Despite not having access to certain opportunities, 25-year-old Alanzo Johnson has been helping to create pathways for those in need, including the formation of a skills training programme that so far benefited 18 youths in his rural community.
He is from Eight Mile district, next-door the birthplace of Reggae icon Bob Marley in Nine Mile, St Ann, and is the fifth of 10 children for his mother Andrea Jones.
Johnson described life growing up as a bumpy ride, wherein resources were scarce in his household and community.
He added that, due to the underdevelopment of his district, residents lack opportunities and some of them end up in what he described as a damaging cycle.
“The girls would get pregnant by grade nine to grade 10 in school,” he explained. “And the young boys would get stopped from school and would then turn to activities like marijuana use.”
Johnson’s family was not spared some of the negatives. “I have a sister who has never been to a high school and another in the same category,” he lamented.
He added that the rate of unemployment in Eight Mile district is high. Residents have to travel miles to find jobs in places such as Brown’s Town, Runaway Bay and Discovery Bay. Many don’t have the motivation for the journey and some don’t possess the necessary qualification to secure meaningful employment.
Johnson is on a mission to help reshape the narrative of not just his family, but also of other young people in rural Jamaica, especially Eight Mile.
To that end, he has been initiating a series of intervention projects such as summer school and community fundraisers.
His most recent initiative was an eight-week training course, which he facilitated to provide certification for 18 unattached young people living in and around his community to become guest room attendants.
In making that project a reality, Johnson reached out to and collaborated with the State-owned HEART Trust NTA, which responded by training the young people during sessions held at Prickly Pole Primary School in St Ann.
He noted that a number of other agencies and people eventually came onboard to offer invaluable support.
They included Judith Whyte-Gayle who is the principal at Prickly Pole Primary, the Marcus Garvey Information Centre, Nordia Henry who provided drug abuse counselling, St Ann Youth Empower Officer with the National Youth Council Nagorgia Campbell, and Vinette Robb-Oddman who made her guest house available for the practical aspect of the training.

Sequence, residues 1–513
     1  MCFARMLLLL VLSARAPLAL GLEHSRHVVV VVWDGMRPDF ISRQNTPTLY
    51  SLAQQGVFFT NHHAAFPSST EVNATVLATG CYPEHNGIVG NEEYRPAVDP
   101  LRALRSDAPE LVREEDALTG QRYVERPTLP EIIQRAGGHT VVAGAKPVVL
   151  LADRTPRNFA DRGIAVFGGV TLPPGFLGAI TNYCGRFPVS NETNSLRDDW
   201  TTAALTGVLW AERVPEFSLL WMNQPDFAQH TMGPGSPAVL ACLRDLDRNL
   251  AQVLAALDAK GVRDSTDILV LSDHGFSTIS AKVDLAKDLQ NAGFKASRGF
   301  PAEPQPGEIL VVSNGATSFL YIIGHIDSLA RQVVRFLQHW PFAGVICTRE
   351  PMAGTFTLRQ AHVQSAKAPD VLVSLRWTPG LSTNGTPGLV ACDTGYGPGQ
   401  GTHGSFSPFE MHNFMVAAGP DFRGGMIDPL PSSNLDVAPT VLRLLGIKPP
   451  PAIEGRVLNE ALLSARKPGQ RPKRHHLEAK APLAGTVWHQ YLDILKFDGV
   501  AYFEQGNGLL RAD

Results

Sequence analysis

Five people who participated in the programme have gained employment since being trained, albeit not in the specific area in which they have been certified, Johnson said.
Dianna Mitchell, a beneficiary of the programme, is now employed as a housekeeper at Coral Gardens Spring Hotel in Trelawny.
While emphasizing that the programme has helped her to seize the employment opportunity, she encouraged other youths to come on board when the training resumes. “When you have a certificate, it’s easier for you to get work in the hospitality industry,” Mitchell asserted.
She also lauded Johnson. “He tries everything so that we can reach a different level than sitting at home doing nothing,” she said.
Johnson has expressed an intention to expand the programme to include other courses such as commercial food preparation and customer service.
His voluntary work has caught the attention of many, including his Member of Parliament Lisa Hanna.
“I am so proud when young people use their own initiative to get things done and seize opportunities,” Hanna said in a social media post, commending Johnson for his proactive approach towards mitigating some of the challenges facing youths in the constituency.
Though Johnson is busy trying to help young people to accomplish their dreams, he is struggling to achieve his.
He began studying at Northern Caribbean University in Manchester, but halted it in 2020 due to personal challenges.
The aspiring social worker, who is now employed at a school, intends to resume reading for an associate’s degree in Social Work in September.
He is of the view that one’s challenges should never be a reason for one to quit – a statement justified by his experiences.
“There is more to life than hanging around saying that the opportunities are not here,” Johnson asserted. “Your dream can only become a reality if you allow it to.”
Noting that his community efforts are selfless, he declared: “I want to leave an impact on the other youths, to let them know they are not alone.”
By Jamar Grant, Jamaica Beacon Journalist
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